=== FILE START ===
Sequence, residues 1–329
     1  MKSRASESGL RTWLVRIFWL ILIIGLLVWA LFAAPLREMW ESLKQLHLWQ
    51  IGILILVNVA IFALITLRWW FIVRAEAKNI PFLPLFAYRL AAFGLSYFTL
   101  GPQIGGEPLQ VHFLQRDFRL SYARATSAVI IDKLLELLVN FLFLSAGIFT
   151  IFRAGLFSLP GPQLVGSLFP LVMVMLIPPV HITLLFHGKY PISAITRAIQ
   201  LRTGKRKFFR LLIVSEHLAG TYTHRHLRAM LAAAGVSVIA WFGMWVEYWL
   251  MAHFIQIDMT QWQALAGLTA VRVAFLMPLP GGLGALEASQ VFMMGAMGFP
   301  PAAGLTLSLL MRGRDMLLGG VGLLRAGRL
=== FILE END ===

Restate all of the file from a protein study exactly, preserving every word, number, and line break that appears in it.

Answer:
Sequence, residues 1–329
     1  MKSRASESGL RTWLVRIFWL ILIIGLLVWA LFAAPLREMW ESLKQLHLWQ
    51  IGILILVNVA IFALITLRWW FIVRAEAKNI PFLPLFAYRL AAFGLSYFTL
   101  GPQIGGEPLQ VHFLQRDFRL SYARATSAVI IDKLLELLVN FLFLSAGIFT
   151  IFRAGLFSLP GPQLVGSLFP LVMVMLIPPV HITLLFHGKY PISAITRAIQ
   201  LRTGKRKFFR LLIVSEHLAG TYTHRHLRAM LAAAGVSVIA WFGMWVEYWL
   251  MAHFIQIDMT QWQALAGLTA VRVAFLMPLP GGLGALEASQ VFMMGAMGFP
   301  PAAGLTLSLL MRGRDMLLGG VGLLRAGRL